We’ll be back next week with an update from one of our favourite bloggers and amazing pharmacy managers, Lyndsey, to see how she’s been getting on since we heard from her last.

Chat soon,

Naomi…

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Quitters’ Update 13th March 2014

namHi again everyone. Naomi, Health Strategy Manager here at LloydsPharmacy, back with you again for the second week of Lent. I’m finally starting to feel really, really healthy.  The recent sunshine has of course helped me with that but it’s also down to being able to catch a breath while exerting myself in any way whatsoever!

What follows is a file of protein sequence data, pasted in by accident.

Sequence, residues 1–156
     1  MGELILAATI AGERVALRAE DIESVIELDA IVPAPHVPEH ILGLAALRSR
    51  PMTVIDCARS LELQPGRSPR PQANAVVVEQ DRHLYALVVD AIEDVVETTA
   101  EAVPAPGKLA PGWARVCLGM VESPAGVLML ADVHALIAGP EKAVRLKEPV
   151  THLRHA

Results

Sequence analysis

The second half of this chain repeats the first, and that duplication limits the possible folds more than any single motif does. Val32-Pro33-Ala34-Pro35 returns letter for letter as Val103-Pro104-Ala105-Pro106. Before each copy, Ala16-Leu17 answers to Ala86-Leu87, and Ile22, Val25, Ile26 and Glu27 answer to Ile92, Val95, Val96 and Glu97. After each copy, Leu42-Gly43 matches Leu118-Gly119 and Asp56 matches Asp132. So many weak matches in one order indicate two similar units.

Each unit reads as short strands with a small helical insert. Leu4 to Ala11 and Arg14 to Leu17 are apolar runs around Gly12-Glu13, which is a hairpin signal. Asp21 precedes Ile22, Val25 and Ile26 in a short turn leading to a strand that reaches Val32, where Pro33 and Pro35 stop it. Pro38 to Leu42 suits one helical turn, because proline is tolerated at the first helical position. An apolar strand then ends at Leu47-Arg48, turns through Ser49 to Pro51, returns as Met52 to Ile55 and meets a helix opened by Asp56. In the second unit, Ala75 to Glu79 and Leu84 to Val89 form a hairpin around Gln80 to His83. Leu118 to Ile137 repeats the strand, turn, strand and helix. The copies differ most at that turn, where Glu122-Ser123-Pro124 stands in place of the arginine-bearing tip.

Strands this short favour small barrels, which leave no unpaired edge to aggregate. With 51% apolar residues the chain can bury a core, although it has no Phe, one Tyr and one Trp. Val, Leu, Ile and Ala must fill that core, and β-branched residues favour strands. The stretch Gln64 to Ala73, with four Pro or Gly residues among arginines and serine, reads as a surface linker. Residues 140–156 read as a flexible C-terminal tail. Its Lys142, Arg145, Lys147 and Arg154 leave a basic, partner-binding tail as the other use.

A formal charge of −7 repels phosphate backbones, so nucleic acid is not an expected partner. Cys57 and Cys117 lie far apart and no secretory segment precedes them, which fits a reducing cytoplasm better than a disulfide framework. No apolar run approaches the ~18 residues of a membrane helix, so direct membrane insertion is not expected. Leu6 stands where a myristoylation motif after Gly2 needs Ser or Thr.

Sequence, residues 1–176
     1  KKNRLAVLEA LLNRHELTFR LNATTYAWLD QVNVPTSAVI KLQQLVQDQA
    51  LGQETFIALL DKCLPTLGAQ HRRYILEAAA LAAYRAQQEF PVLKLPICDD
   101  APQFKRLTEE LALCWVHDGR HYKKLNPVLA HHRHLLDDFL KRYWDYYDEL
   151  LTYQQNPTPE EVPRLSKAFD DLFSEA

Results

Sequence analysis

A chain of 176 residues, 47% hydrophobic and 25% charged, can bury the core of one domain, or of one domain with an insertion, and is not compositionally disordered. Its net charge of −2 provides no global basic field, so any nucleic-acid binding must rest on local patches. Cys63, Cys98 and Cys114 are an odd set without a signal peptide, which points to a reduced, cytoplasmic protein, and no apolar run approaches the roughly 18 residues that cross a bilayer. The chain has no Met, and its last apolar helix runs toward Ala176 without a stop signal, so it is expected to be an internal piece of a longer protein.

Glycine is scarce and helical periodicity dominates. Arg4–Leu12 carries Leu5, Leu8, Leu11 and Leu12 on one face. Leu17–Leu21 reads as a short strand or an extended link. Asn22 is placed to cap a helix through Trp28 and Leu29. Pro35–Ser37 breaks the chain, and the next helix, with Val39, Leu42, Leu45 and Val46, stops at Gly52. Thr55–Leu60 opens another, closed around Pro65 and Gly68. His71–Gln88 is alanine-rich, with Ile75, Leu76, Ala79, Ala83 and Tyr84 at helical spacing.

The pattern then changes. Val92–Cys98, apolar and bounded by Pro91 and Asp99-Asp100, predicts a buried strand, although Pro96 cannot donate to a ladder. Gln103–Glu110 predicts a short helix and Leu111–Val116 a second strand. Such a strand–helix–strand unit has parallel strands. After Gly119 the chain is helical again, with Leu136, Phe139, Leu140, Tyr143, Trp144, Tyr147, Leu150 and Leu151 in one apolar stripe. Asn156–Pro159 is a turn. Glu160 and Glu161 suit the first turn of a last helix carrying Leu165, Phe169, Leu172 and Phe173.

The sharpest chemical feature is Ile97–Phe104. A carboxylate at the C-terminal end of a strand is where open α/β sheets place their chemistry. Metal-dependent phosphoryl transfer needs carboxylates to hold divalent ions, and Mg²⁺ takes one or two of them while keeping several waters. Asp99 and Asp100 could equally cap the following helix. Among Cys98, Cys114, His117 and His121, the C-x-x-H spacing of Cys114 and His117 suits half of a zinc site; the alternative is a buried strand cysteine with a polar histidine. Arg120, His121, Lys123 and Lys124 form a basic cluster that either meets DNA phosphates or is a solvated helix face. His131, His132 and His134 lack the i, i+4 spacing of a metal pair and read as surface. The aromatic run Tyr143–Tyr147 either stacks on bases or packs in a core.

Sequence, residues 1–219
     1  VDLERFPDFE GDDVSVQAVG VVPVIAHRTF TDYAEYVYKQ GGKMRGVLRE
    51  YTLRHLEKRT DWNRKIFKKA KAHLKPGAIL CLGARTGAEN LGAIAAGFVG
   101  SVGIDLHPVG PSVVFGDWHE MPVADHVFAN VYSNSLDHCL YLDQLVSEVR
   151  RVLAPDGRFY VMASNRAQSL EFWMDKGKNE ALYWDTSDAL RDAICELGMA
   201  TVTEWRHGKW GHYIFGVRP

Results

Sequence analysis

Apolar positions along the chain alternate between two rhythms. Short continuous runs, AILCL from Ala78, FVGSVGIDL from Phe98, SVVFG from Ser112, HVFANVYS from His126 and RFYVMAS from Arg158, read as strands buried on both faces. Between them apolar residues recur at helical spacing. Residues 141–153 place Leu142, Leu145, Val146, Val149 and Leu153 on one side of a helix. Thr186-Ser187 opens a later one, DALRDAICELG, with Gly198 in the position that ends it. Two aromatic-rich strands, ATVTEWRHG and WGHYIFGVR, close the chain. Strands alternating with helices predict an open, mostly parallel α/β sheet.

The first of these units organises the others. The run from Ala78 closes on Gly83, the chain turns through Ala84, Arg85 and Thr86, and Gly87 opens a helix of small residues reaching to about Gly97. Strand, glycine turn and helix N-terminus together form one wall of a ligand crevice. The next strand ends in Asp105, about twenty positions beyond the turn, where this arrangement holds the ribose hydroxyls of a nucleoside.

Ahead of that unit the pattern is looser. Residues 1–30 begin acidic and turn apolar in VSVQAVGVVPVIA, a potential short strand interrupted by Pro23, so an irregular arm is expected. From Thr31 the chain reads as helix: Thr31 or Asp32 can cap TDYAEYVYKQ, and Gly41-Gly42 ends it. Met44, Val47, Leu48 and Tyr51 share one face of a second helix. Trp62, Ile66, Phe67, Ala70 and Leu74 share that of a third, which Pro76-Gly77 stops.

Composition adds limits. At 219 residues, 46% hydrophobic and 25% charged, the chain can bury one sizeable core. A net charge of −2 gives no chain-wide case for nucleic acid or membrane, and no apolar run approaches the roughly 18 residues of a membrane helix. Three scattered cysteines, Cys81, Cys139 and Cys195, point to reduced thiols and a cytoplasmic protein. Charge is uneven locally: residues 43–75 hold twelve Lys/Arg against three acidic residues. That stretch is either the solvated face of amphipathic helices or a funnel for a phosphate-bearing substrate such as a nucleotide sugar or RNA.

Here is me with a bike.  Yes, a bike.  And I realise I’m merely standing beside it in this picture but I promise you I also cycle it nowadays.  Last Sunday, my boyfriend and I cycled from Donnybrook to Sandycove and back.  He’s really, really fit so I was nervous I would be a panting, sweaty mess before I made it up the first hill but I wasn’t; I kept up with him.  What’s more, I actually enjoyed it! Anyone who knows me will tell you that me enjoying physical activity outdoors is quite the shocker.  It’s such a change for me to be feeling healthy and fit and I actually WANT to get out there and be active.  This would not have been how the smoker version of Naomi behaved, I assure you.